How the surgical technique has evolved to the present

Since the 1960s, plastic surgeons have been carrying out breast enlargement by placing an artificial device (prosthesis or implant) in the breast. Despite a storm of controversy that has surrounded the operation since its inception, it continues to satisfy the vast majority of patients.

Complications are fortunately few. However, as with any procedure that is done very often (probably over 2 million women have breast implants), occasionally major problems do occur.

Even though the procedure does not always provide excellent results, only a very small proportion of women ever consider having the implants removed, and satisfaction rates on the part of both surgeons and patients are high. Despite this, the continuing controversy regarding the operation has necessitated a re-evaluation and careful assessment of the success of surgery. This has resulted in even more careful study of the long-term results of breast augmentation than was previously available. Fortunately, these current studies have largely reinforced the general impression that we have always had, which is that it is a rewarding procedure.

The typical patient

The woman who chooses to have breast augmentation is usually either in her early 20s or 30s. The women in their 20s tend to have very little breast development, and often have siblings, aunts or a mother with a significantly larger breast size. Women in their 30s tend to have a loss of breast volume after having gone through one or several pregnancies and breast-feeding periods.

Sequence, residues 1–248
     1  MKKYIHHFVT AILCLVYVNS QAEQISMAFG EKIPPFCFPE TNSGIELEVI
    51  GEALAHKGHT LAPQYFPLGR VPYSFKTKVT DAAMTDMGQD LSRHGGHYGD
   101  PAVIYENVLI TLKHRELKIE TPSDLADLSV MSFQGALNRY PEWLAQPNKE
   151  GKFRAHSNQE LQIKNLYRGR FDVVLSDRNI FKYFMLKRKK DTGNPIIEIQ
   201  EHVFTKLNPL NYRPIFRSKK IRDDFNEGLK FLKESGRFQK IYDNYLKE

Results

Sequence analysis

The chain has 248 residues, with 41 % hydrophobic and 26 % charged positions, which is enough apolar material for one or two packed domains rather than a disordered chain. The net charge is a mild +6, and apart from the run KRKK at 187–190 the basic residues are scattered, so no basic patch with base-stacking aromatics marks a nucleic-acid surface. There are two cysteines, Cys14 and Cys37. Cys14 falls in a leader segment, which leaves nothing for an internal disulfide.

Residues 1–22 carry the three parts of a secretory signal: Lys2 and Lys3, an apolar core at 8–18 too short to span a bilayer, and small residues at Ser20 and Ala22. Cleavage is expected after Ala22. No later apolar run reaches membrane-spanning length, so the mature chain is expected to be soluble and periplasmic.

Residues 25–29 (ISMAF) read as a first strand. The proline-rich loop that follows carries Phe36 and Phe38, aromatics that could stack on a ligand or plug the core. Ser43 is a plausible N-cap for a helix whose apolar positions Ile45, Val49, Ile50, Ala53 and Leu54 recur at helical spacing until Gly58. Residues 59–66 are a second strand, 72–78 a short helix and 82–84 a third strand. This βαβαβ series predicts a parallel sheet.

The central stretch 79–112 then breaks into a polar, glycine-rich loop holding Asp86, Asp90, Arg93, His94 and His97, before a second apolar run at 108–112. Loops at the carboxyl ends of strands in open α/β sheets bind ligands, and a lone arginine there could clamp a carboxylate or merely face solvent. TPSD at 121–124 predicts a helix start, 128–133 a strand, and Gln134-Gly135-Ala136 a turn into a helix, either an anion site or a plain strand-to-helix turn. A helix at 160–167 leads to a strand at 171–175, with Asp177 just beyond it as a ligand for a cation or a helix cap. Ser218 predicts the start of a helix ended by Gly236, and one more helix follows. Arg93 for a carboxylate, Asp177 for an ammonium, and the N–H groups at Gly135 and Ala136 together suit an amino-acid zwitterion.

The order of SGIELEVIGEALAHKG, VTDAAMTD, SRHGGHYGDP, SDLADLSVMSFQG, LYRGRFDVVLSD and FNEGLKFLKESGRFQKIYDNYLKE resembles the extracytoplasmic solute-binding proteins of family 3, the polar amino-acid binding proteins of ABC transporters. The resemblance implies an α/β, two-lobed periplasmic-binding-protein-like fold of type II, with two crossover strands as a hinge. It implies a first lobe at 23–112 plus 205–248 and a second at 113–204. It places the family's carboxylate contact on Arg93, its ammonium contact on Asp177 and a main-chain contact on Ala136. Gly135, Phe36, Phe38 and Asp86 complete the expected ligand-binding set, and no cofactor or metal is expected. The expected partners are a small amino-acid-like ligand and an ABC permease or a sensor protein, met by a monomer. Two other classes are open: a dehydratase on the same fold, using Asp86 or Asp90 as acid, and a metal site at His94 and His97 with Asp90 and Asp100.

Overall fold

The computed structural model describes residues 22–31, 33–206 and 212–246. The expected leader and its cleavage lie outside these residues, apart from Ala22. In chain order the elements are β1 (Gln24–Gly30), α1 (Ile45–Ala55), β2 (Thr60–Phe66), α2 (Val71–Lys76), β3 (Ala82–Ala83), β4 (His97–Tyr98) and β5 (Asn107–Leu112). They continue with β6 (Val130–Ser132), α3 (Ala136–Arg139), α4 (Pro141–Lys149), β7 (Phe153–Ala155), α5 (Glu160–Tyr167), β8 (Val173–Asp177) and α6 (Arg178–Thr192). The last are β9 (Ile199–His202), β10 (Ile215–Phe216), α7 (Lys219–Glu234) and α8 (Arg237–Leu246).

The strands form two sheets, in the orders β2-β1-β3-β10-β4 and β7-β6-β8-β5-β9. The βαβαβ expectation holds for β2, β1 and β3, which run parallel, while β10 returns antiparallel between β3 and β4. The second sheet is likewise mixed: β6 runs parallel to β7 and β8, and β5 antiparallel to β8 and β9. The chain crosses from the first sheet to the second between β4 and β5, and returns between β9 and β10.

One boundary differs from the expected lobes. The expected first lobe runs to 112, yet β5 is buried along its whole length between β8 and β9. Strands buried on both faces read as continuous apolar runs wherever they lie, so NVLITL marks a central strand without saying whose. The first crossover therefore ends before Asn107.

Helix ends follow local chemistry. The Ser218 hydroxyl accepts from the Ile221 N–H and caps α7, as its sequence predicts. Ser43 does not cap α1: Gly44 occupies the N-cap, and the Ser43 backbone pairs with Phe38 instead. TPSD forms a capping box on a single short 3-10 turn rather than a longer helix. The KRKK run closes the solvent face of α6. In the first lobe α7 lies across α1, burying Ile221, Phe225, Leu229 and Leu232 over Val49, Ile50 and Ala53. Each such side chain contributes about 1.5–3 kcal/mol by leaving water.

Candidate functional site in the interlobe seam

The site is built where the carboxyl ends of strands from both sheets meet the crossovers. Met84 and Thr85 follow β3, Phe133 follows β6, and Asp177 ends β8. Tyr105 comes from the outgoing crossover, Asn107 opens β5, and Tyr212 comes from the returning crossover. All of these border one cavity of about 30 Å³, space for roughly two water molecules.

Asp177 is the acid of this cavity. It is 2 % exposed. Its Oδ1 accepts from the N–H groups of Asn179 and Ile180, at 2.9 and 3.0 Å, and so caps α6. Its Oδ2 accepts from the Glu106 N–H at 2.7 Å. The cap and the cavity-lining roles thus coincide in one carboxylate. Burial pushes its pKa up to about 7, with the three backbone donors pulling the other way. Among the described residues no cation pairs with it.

Historical development of the operation

In the 1950s, women who wanted larger breasts, usually those involved in burlesque shows or the US entertainment industry, were treated outside North America with materials injected directly into the breasts, such as liquid silicone or paraffin. The results were often disastrous. They experienced painful cyst formation, drainage of infected material, and distortion of the breast shape. This caused surgeons in North America to begin searching for reliable and reasonably safe ways of increasing breast size.

The result was an implant made of a silicone rubber shell, or balloon, that could be filled with either a silicone gel material (manufactured to have the same feel as normal breast tissue) or during the surgery itself, filled with sterile salt water (saline) or another liquid material no longer used (dextran solution). Instead of placing the implant in the breast gland itself, the implant was placed under the breast, leaving the breast, nipple, and areola, essentially intact.

The operation was gradually refined and some modifications were introduced, but the method has stayed essentially the same. Although gel-filled implants are no longer available, the silicone rubber shell remains, as does the method of placing the implant under the breast.

Saline filler for breast implants

Saline (salt and water) is now used to fill breast implants. There is probably no safer filler than saline, especially since extensive, long-term testing is needed to develop a reliable and safe substitute. Because the human body is 71% salt water, if a saline filled implant leaks, the saline simply goes into the general circulation and results in no ill effects other than loss of breast fullness.

How the augmented breast is shaped

To understand the changes that are made in the shape and size of the breast, the operation essentially takes a roughly cone-shaped part of the body (the breast) and increases both the base and its forward projection by adding a round disc (the implant) to the base of the cone.

 
Benjamin Gelfant, MD, 
in association with the MediResource Clinical Team